A translation of this article in Spanish is available to download here.
It’s hard to be a child in hospital. There are rules, restrictions, unfamiliar noises, weird smells, and unlimited procedures to endure. Alongside doing everything they can to treat and protect the child, parents and healthcare workers will also be helping them to deal with the hospital’s harsh environment and a myriad of complex emotions associated with feeling unwell and being in hospital1.
Enabling a child to play in hospital can both help to maintain some normality, and provide a tool to help them deal with what is happening. But how do we create room in the complex hospital context for play? How can professionals have the opportunity to reflect on the young patient’s experience of being in hospital and undergoing treatments? How can play help to prevent or reduce the risk of trauma associated with hospitalisation? These are some of the key questions which inspired PEDAL PhD student and paediatrician Dr Paulina Perez Duarte Mendiola to create Semana JIM® – or ‘Play in Hospital Awareness Week in Mexico’ (Semana del Juego Intrahospitalario en México).
Semana JIM® is a virtual space created with the complex schedules of child healthcare professionals in mind, designed to help promote a ‘pro-play’ mindset and spread awareness about the value of play in healthcare settings in Mexico and other Spanish-speaking countries. As an education and training project, Semana JIM® aims first and foremost to connect Spanish-speaking healthcare professionals who want to provide child-friendly care for their paediatric patients and learn more about the world of ‘play and health’.
The importance of play in children’s healthcare is well-documented in research; children utilise play and imagination as a way to cope with and understand the world around them2 and for children who are confronted with traumatic experiences (such as hospitalisation or chronic illness) the introduction of play to the hospital environment can be highly beneficial3 to both their mental health and physical recovery.
Initiatives already exist to support play and health in countries such as Australia, New Zealand, and the United States. In the UK, for example, the National Association of Health Play Specialists celebrate an annual ‘Play in Hospital Week’, which aims to inspire more adults to learn, promote and support the use of play and specialised play (provided by Health Play Specialists) in hospital and community settings. Semana JIM® seeks to bring these discussions even more explicitly to the global stage, starting a play and health ‘revolution’.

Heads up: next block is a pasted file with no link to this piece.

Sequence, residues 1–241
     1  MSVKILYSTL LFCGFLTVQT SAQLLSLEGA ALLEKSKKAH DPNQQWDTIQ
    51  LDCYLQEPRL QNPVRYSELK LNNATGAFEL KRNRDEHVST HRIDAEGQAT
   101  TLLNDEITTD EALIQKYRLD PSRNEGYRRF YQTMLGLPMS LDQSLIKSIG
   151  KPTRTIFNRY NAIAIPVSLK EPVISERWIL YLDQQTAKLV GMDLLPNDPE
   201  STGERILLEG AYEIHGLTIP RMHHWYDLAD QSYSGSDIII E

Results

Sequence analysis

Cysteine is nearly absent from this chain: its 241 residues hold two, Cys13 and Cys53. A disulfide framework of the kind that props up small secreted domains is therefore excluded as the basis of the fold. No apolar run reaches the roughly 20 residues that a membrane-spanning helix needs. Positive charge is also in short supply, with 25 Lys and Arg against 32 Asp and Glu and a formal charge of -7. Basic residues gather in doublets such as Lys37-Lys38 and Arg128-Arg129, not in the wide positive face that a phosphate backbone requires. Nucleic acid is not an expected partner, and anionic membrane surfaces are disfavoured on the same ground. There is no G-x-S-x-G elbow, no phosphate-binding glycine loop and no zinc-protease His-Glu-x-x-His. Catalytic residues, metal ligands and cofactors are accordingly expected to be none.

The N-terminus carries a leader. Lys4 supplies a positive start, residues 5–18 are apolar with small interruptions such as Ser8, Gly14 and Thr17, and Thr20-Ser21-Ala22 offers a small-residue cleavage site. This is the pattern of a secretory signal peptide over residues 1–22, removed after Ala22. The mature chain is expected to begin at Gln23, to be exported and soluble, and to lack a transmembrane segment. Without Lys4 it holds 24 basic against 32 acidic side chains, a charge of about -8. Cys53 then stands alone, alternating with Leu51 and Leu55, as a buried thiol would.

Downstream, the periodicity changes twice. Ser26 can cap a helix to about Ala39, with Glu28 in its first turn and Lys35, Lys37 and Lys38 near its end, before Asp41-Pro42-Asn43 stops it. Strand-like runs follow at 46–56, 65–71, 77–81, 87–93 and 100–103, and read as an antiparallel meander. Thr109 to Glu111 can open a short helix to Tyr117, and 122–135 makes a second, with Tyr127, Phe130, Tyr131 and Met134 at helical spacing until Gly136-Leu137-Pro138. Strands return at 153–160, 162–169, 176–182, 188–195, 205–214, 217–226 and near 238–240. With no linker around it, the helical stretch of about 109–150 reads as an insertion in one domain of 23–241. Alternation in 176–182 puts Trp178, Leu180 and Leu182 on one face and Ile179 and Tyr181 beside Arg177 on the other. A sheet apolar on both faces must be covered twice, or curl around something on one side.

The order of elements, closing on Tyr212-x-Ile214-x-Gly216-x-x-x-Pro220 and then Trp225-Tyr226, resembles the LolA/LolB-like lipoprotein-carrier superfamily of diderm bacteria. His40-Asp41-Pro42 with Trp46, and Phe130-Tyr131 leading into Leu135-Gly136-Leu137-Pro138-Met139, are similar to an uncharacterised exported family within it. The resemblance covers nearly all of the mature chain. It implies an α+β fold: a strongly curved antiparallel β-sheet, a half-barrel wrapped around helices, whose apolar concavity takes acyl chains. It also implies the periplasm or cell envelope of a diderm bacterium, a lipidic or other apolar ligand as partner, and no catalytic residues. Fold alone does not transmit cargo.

Over the last two years, Semana JIM® has brought together 140 participants from 13 different countries who are all fiercely fighting to protect the rights of children and searching for new ways to improve their lives through play. Semana JIM® 2022, held from 1st to 3rd December, included sessions on the use of play in unconventional settings such as Paediatric Intensive Care Units (PICUs) and prisons, and a conference aimed at engaging children directly titled Am I allowed to play with my doctor?
Thanks to the guidance of Dr. Ernesto Gutierrez and Fundación Lilo México, a charity that supports children with diverse heart conditions, multiple healthcare professionals were able to join this event. Attendee Ángeles Vizcarra, a Mexican psychologist who focuses primarily on diabetes education, reflected:
“I loved having the opportunity to participate in Semana JIM®2022, it was wonderful. Personally, I enjoyed listening to the testimonies and experiences of all these professionals, and the way in which they carry out their work. The use of play in hospitals inspires my soul. I was delighted to know that there are many professionals who are gradually more interested in humanising the care we provide to children and teenagers who need to go through hospitalisation”.
Planning is well underway already for Semana JIM® 2023, which hopes to establish an even broader network of Spanish-speaking professionals and organisations invested in improving healthcare provision for all children through the power of play.
Play is a key feature of childhood and a right for all children, regardless of their environment or circumstances. The research conducted by the Play in Health team here at PEDAL looks at play and health from a variety of perspectives, with the overarching goal of understanding and improving how we care for children’s health and quality of life.
You can find out more about the Play in Health team here.
1 How to communicate with children, according to Health Play Specialists in the United Kingdom: A qualitative study (Pérez-Duarte Mendiola, 2022)
2In sickness and in play: Children coping with chronic illness (Clark, 2003)
3Handbook of Research on Play Specialism Strategies to Prevent Pediatric Hospitalization Trauma (Perasso & Ozturk, 2022)